By day, Alvarez can be found at the office of VOCAL-NY, an advocacy organization that works with people who use substances, many of whom are also both formerly incarcerated and homeless. The storefront office is on Fourth Avenue, where Boerum Hill meets Park Slope — a block or so from where Alvarez grew up.
At night, his routine changes. Alvarez is small, able to sleep in the back of friends’ vans or sometimes on their couches. He has no desire to spend the night in the city’s homeless shelters, which even Alvarez, a seasoned vet of Rikers, considers to be too dangerous. “Even if it’s 5 degrees out, I ain’t going there [to a shelter],” he says.
Alvarez gets spending money by redeeming recyclables from one of the new condo buildings in the Gowanus area. Meanwhile, he’s also trying to evade the long arm of the law. In mid-August, he was nailed for trespassing at NYCHA. He insists that he was on the sidewalk outside of the Wyckoff Houses picking up a bottle, but cops claimed he was on the property. His lawyer, Vladimir Rene, says that the boundaries in such trespassing cases are “often vaguely defined.”
Alvarez pleaded not guilty — his preferred m.o. when he denies the charges — resulting in $1,000 bail from the Brooklyn D.A.’s office, a standard practice when someone has so many arrests. Devoid of resources, Alvarez spent two months back at Rikers while awaiting his day in court.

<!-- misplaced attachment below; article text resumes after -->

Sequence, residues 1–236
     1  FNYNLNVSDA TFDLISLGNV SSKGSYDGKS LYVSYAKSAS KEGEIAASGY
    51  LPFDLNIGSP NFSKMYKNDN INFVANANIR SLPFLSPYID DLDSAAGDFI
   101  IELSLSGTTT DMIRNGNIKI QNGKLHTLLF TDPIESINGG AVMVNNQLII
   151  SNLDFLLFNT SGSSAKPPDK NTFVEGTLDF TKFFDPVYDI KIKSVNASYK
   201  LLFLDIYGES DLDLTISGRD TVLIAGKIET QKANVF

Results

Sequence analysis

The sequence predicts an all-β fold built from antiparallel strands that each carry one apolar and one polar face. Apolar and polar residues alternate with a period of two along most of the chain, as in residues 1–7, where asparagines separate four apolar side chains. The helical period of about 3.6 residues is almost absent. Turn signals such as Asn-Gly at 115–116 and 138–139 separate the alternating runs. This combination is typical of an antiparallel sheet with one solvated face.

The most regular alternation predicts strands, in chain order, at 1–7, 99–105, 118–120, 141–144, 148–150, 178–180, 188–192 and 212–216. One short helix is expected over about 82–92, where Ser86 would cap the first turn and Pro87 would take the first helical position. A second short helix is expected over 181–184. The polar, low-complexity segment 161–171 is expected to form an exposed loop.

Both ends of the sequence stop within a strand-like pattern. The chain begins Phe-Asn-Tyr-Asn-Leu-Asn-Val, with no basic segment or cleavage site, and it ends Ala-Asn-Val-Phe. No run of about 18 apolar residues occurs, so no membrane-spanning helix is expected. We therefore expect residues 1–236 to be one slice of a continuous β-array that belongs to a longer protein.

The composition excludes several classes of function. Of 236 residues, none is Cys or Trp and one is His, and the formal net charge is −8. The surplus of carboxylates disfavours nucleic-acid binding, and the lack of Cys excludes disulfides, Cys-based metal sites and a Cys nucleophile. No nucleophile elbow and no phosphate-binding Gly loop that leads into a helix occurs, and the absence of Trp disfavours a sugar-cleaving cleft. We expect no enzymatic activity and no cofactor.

In mid-October, the case was resolved with an adjournment in contemplation of dismissal, meaning that if Alvarez avoids getting hit with another infraction between now and mid-February, the trespassing charges will be tossed. Otherwise, it’s back to the mess hall at Rikers.
In terms of criminal justice reform, the new year has gotten off to a promising start, with Governor Andrew Cuomo vowing to end cash bail for misdemeanors and Mayor Bill de Blasio beginning to downsize Rikers. According to Alyssa Aguilera, co-executive director of VOCAL-NY, what people like Alvarez need is expanded funding for supportive housing, which provides addiction services on-site.
The solutions to Alvarez’s problems are complex, and costly, but they are ultimately much less wasteful than sending him back to Rikers. “I just want to be able to go home, and go to work,” Alvarez says. Perhaps in 2018, he will finally catch a break.
This article from the Village Voice Archive was posted on January 9, 2018